Every street has a multitude of stories. As you drive through old neighborhoods you can feel the history, the countless moments that have occurred in the homes that line the streets. Many of these stories are long forgotten, but some leave hints behind and beg retelling.
North 14th Street in Richmond, Indiana is a rather unassuming street. Today, many of its homes are dilapidated and the neighborhood doesn’t have much to say for itself. But in the late 1800s, it was part of a bustling neighborhood full of energy, invention and excitement.
In the 1880s and 1890s, Micajah C. Henley lived at 201 North 14th. It was probably in the backyard of this home, or perhaps an earlier one he lived in on North 13th, that Micajah developed several improvements to the roller skate. His improved roller skates helped fuel the roller skating craze that took over the nation in the 1890s. Micajah and his brother opened a factory on North 16th that produced roller skates–over 2,000 pairs a day at its peak–as well as bicycles, scooters and other various manufactured items. Micajah became known as “The Roller Skate King.”
Sometime around 1881, Micajah sold a bicycle to a neighborhood boy named Wilbur Wright. The Wright brothers lived at 309 North 12th and 211 North 14th between 1881 and 1884. Wilbur and his brother Orville would later move to Dayton, Ohio, open a bicycle shop–taking advantage of another craze of the 1890s–and eventually become the first to successfully build and fly an airplane. While they lived on North 14th, they tinkered with toy helicopters, a backyard lathe of their own invention and many other creative endeavors. While their success came in Dayton, their start happened on North 14th.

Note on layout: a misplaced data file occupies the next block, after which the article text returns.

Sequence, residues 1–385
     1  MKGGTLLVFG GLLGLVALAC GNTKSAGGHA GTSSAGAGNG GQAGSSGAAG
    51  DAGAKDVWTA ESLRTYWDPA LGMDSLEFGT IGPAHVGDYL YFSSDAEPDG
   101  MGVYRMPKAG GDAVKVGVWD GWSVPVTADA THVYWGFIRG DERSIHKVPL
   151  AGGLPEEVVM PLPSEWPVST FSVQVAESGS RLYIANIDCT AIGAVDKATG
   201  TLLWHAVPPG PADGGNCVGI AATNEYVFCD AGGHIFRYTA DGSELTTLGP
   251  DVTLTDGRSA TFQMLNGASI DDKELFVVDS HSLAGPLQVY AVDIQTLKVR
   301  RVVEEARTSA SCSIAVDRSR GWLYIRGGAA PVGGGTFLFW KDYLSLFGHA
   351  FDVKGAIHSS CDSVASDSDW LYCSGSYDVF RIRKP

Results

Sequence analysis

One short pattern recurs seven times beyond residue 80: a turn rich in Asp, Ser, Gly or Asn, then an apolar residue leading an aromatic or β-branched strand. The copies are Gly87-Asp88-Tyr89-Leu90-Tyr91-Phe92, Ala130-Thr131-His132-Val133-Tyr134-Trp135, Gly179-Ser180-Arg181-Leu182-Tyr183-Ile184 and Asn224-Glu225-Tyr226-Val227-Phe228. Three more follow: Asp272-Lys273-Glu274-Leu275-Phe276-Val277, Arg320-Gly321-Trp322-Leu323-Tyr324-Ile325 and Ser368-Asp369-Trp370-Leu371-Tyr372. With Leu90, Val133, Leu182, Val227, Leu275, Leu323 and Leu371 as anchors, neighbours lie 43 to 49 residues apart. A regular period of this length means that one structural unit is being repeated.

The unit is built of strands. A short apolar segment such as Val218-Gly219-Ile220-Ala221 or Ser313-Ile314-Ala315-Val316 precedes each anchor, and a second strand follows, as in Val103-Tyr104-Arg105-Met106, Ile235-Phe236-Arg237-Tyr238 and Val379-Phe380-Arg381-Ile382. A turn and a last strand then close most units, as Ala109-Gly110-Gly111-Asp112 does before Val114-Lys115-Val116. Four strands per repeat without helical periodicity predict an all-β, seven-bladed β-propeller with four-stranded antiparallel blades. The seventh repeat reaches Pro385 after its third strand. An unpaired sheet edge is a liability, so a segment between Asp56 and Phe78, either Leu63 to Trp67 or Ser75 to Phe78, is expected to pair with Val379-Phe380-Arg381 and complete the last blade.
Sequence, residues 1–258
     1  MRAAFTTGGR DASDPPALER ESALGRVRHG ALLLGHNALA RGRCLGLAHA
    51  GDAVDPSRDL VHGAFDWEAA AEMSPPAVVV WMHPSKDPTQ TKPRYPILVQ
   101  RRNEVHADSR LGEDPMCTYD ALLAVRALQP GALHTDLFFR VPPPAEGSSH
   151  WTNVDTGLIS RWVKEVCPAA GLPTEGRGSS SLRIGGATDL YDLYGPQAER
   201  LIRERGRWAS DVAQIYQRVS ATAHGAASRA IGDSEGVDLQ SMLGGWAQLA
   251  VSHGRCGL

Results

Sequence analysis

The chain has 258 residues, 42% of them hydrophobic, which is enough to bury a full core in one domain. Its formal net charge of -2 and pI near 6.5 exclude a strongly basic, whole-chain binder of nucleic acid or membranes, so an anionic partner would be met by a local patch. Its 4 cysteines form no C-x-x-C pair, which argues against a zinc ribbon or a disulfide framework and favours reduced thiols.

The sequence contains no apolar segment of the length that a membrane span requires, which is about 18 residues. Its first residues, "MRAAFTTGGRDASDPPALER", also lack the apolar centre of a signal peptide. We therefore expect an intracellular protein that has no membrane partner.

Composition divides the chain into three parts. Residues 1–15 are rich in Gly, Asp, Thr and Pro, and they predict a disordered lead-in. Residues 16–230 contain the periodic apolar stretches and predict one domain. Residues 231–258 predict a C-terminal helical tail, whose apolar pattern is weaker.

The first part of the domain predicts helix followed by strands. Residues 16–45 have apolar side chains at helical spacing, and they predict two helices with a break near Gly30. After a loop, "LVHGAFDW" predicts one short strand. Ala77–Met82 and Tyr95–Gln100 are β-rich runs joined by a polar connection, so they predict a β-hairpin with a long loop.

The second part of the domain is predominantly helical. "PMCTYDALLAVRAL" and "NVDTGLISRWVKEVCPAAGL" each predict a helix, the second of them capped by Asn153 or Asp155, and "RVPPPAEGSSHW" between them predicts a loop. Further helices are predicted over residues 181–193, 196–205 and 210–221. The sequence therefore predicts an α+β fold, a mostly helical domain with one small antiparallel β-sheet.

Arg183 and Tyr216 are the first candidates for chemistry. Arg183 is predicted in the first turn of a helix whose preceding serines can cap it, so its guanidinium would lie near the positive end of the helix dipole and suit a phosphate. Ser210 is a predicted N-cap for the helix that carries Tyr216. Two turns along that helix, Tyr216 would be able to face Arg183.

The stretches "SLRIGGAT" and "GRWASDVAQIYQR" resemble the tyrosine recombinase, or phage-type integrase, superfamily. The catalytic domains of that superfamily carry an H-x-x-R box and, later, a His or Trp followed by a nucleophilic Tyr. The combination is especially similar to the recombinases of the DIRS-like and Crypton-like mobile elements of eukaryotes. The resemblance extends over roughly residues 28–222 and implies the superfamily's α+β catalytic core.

In 1883, my great-great grandfather Robert Balser Fetzer, lived with his wife and mother-in-law at 419 North 14th. Within a year or two, they moved to 313 North 14th, a home the family would occupy for many decades. They lived just a few houses down from Micajah Henley. Robert was an engineer and probably rather inventive himself. He made tools; in fact, our family still has a level he made in 1896 with his initials stamped on it. But instead of starting his own business, Robert chose to work for the Richmond City Mill Works for many years. He was a valued employee and was known for never missing work.
In the 1880s, another great-great grandfather of mine, Lewis Kinsey Harris, lived a few blocks away at 300 North 19th. By 1893, he had moved into a beautiful 3,600 square foot home at 116 North 14th that would remain in the family for many years. L.K., as he was known, was a blacksmith who often owned his own shop. He also engaged in business with others from time to time, making agricultural implements and other necessities. In addition to his blacksmithing business and other entrepeneurial activities, L.K. also served on the Richmond City Council from 1880-1885 and 1889-1894. While serving as a councilman, L.K. often brought matters before the city council for his friend and neighbor, Micajah C. Henley.
L.K. Harris’ father-in-law, Edward Shaw, lived around the corner at 312 North 15th in 1893. He had moved around in the same neighborhood for many years. Edward was well known as the manufacturer of Shaw’s Railroad Liniment, “a botanic preparation which is a speedy cure for rheumatism, neuralgia, burns, bruises, headaches, etc., and taken internally is a valuable remedy for neuralgia of the stomach, cholera morbus, etc.” It became very popular and widely distributed in eastern Indiana and western Ohio. Even today, many old Shaw’s Railroad Liniment bottles turn up at antique dealers and on Ebay.
These are just a few stories from an old neighborhood in a small town on the border of Indiana and Ohio. These few hints remain of an exciting time in our nation’s history as the collective endeavors of small businessmen across the land began to turn America into the world power it was to become.
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Edward Shaw, L.K. Harris and Robert Balser Fetzer are all mentioned in other posts on this blog and can be found by using the search function at the top of the page.
As always, if you have any questions or any further info I would love to hear from you by your comments below or by emails sent to firstname.lastname@example.org